Wind Turbine/Roof Ventilators

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  #1  
Old 01-07-02, 01:37 PM
crawlfish2
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Wind Turbine/Roof Ventilators

My friends and I are debating the relative merits of covering turbine ventilators during the winter. Some argue that doing so will not conserve energy and contribute to a moisture problem while others think it does conserve energy and adequate ventilation in eaves and soffit are sufficient.

Could someone comment on this?
 
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  #2  
Old 01-07-02, 04:31 PM
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Provided you had adequate free venting, it wouldn't matter if your covered the turbine fan or not. The true value to the turbine fan or power ventilating fans is the lowering of the attic temperature in the summer, which prolongs the life of the roof. The secondary aspect is, if you have air conditioning, it will lower your cooling cost.
 
  #3  
Old 01-07-02, 10:25 PM
crawlfish2
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winterizing turbine

Thanks for your quick response!

If it pulls heat in the summer it will do that in the winter too, wouldn't it? Seems in winter there'd be some advantage to having it as warm in the attic as possible, or is this so nominal as to not make a difference?
 
  #4  
Old 01-08-02, 01:55 AM
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Wind turbines depend on the wind for it to work, where as free venting does not. The sole purpose for free venting is equilibrium relative humidity (ErH%) in the winter. Since insulation does not stop heat flow, it restricts it, there is a constance flow of heat into the attic. Cold air usually contains less humidity than warm air, which gives it the ability to absorb the heat and humidity in the warm air that manages to get through the insulation. Thereby prohibiting it's ability to condense. Free venting provides for a constant supply of low humidity cold air into the attic, where as a turbine would rely on the wind.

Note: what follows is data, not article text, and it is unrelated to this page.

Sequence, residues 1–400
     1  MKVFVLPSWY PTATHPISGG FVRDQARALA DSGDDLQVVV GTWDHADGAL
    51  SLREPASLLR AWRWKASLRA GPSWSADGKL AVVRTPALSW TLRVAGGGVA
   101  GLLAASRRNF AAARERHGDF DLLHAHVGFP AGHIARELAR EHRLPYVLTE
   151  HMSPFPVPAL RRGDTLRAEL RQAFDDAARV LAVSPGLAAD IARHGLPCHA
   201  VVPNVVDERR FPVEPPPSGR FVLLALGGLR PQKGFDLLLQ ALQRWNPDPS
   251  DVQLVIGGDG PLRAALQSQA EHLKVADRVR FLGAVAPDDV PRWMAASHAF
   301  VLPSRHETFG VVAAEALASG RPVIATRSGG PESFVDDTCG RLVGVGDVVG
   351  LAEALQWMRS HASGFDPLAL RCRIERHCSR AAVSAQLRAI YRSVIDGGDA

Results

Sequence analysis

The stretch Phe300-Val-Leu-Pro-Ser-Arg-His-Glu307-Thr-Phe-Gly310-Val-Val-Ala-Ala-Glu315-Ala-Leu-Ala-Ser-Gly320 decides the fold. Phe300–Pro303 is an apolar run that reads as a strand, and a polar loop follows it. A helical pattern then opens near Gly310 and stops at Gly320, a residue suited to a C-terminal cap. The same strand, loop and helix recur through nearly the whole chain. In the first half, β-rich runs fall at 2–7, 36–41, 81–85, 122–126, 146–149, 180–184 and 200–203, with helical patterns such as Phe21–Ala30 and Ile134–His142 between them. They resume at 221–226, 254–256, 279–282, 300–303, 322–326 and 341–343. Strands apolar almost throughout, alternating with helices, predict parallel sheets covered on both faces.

There are a lot of misconceptions about ventilation. The foremost is how it works in the winter. Most people think that warm air rises in the attic and goes out your gable or ridge vents and that causes cold air to be drawn in from the eaves or soffit vents. That is absolutely wrong. It maybe true in the summer but not in the winter. What determines air to rise is temperature. The higher the temperature the faster the air rises. The other factor is the volume of cold air in the attic verses the amount of warm air that manages to get through the insulation. There is ten time more volume per hour. What that means is as soon as the warm air got through the insulation, it would lose temperature rapidily and never be able to rise to the gable or ridge vents.

The way free venting actually works is cold air drops and it goes out the eave or soffit vents. Since the volume of air in the attic remains constant, the air leaving the attic through the eaves or soffit vents creates a siphon effect and that draws air into the attic through the gable or ridge vents. Thereby providing a constant supply of low humidity cold air.

The problem with ventilation is that it has different purposes for different seasons and different parts of the world. This is what makes ventilation a highly debatable subject and confusing.
 
  #5  
Old 05-21-08, 09:03 AM
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Turbine repair?

I have a nosiey turbine and was wondering if I can repair it (like change a bearing) or do I just replace it and can I just replace the part that is above the roof area. I don't want to get into the flashing or any roof leakage? They appear to be standard mechanical turbines no electric power.
 
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